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2015.09.08 13:45

CEPA: Overcome ‘fear of fracking’ to achieve energy independence

DELFI.lt2015.09.08 13:45

The Washington-DC-based Center for European Policy Analysis (CEPA) released a report this week on the potential importance of fracking for energy independence in Eastern Europe — and some of the political misgivings about incorporating it into Europe’s energy landscape.

The Washington-DC-based Center for European Policy Analysis (CEPA) released a report this week on the potential importance of fracking for energy independence in Eastern Europe — and some of the political misgivings about incorporating it into Europe’s energy landscape.

The countries of Central and Eastern Europe (CEE) have an opportunity to transform Europe’s current energy order. As seen through the American experience, the development of untapped energy resources from shale gas in Lithuania, Poland, Romania, and Ukraine is possible through hydraulic fracturing, also known as fracking. As a region heavily dependent on Russian oil and gas imports, the creation of greater energy security has long been a major policy goal for the European Union (EU) and its individual Member States.

Yet misinformation about environmental and public health risks from hydraulic fracturing is shaping the European policy debate and decision-making on whether or not fracking will play a major role in the region’s energy diversification strategy. While the governments of Bulgaria and the Czech Republic have already imposed bans on fracking, energy companies active in Poland, Romania and Ukraine have confronted public protests against shale exploration activities over the last year. This “fear of fracking” has not only become a significant roadblock toward CEE energy independence, but it has stymied immense opportunities for growth in manufacturing and employment across Europe. The development of domestic shale resources could play a critical role in strengthening CEE’s energy strategy and advancing the EU’s goal of stoking economic competitiveness.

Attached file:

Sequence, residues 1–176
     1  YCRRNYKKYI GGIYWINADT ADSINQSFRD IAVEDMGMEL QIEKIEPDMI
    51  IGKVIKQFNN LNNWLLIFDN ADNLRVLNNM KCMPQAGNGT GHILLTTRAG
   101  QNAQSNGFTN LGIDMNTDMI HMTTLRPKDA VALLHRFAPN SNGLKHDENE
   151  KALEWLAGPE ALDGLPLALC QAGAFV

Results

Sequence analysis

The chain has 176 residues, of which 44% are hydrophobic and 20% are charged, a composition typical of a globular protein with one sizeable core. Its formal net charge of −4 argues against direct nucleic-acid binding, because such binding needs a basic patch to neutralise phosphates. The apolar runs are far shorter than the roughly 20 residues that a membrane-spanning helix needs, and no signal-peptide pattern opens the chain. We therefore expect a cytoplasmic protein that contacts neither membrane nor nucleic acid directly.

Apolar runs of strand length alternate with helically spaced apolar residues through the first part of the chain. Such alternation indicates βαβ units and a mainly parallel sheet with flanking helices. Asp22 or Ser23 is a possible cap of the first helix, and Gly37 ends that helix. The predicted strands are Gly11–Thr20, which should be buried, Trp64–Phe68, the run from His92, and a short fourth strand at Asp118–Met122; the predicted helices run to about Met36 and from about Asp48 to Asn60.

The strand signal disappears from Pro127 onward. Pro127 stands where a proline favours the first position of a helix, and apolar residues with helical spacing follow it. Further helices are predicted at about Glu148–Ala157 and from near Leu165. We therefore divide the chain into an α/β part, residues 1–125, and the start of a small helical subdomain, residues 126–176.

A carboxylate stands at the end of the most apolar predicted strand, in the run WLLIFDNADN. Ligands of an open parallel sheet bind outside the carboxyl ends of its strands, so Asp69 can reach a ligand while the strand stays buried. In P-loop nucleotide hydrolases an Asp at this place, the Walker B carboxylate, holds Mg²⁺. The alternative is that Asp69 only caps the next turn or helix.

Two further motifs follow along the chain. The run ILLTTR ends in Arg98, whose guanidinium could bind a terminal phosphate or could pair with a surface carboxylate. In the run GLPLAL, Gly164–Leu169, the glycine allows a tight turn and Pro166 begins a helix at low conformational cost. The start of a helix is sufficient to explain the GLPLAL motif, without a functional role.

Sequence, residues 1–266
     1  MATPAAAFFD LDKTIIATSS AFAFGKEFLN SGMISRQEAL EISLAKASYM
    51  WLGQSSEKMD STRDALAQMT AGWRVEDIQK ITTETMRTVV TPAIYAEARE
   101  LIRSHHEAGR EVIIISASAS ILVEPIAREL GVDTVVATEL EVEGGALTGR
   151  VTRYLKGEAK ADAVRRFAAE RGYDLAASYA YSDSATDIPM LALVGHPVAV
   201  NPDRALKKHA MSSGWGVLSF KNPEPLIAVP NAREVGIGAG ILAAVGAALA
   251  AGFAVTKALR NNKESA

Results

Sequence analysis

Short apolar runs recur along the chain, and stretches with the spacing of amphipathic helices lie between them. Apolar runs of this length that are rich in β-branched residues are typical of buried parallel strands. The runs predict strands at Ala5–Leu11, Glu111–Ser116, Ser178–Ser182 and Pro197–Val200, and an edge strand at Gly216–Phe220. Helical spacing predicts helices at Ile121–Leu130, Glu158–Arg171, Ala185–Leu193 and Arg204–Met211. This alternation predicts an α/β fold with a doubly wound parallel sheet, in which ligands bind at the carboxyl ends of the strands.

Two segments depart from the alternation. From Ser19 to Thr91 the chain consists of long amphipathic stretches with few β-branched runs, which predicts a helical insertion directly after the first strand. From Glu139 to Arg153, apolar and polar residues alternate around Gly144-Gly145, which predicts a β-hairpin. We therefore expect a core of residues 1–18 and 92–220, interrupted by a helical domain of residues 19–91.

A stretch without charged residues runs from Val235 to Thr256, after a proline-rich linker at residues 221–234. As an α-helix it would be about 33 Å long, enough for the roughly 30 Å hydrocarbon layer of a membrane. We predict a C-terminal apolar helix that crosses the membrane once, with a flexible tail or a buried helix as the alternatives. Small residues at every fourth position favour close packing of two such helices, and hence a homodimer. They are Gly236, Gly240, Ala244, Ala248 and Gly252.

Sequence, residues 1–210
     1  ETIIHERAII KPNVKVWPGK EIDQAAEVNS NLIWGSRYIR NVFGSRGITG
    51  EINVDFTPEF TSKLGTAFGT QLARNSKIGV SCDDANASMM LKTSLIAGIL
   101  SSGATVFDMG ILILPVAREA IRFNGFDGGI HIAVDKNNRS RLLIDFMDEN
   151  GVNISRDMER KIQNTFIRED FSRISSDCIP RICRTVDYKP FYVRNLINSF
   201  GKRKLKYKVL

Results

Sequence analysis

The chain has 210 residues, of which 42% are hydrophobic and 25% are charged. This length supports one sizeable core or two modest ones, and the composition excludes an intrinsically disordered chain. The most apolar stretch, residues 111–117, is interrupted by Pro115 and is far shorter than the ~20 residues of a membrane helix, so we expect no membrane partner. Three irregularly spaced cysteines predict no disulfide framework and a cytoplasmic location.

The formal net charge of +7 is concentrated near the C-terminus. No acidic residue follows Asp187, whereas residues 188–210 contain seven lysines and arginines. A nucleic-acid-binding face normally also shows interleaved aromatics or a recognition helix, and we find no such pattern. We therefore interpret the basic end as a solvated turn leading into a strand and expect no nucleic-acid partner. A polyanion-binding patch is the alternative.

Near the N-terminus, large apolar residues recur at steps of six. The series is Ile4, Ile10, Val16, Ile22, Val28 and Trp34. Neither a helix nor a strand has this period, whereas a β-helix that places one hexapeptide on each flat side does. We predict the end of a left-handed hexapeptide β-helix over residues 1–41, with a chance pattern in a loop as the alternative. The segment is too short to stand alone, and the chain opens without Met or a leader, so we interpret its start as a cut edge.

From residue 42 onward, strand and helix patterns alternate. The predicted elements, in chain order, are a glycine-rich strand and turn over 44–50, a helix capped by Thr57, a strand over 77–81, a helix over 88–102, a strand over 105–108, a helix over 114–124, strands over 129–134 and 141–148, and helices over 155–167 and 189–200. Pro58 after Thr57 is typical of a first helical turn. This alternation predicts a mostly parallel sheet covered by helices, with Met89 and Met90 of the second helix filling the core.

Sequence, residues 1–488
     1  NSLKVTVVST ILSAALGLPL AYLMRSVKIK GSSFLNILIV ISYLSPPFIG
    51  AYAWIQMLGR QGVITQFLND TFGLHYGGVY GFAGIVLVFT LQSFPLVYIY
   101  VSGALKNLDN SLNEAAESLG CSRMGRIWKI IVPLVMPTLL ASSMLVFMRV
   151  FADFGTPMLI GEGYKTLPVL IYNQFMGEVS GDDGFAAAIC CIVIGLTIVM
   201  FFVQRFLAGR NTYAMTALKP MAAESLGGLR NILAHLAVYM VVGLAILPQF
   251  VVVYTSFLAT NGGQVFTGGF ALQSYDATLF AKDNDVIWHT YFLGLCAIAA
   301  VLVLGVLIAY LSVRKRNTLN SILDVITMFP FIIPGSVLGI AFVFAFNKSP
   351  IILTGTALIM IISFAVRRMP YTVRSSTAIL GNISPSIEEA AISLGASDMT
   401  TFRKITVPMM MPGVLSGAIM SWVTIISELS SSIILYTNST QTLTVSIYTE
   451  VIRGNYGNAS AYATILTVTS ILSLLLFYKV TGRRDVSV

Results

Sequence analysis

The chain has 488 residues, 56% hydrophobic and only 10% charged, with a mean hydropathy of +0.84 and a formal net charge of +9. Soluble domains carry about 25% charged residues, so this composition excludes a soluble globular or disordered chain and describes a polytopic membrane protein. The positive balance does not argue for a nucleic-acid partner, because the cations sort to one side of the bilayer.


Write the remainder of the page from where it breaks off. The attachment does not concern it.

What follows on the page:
Almost 70 years’ worth of US experience in hydraulic fracturing can attest to its relative safety as a method of hydrocarbon extraction. Many claims about the environmental dangers from fracking cannot be substantiated by scientific fact. To this end, one approach in addressing the fears of policymakers and their constituents is through the establishment of a science-based discussion about fracking.

Over the last decade, studies from the United States have yielded a growing collection of scientific data that demonstrates how new technologies and local regulations have become integral to a significant reduction of environmental and public health risks associated with fracking. What’s more, the US fracking model could be adapted to a CEE context, despite differences in geology and population densities.

As Poland, Romania, and Ukraine embark on their own shale expeditions, the success of fracking in the region would also depend on the synchronization of environmental and industry interests in protecting the environment and public health. In applying US best practices in hydraulic fracturing, the countries of CEE already have a tested benchmark for safety and the tools necessary for strengthening national energy security, economic development and transatlantic ties between the United States and the region.

Read CEPA’s full PDF report about fracking best practices here.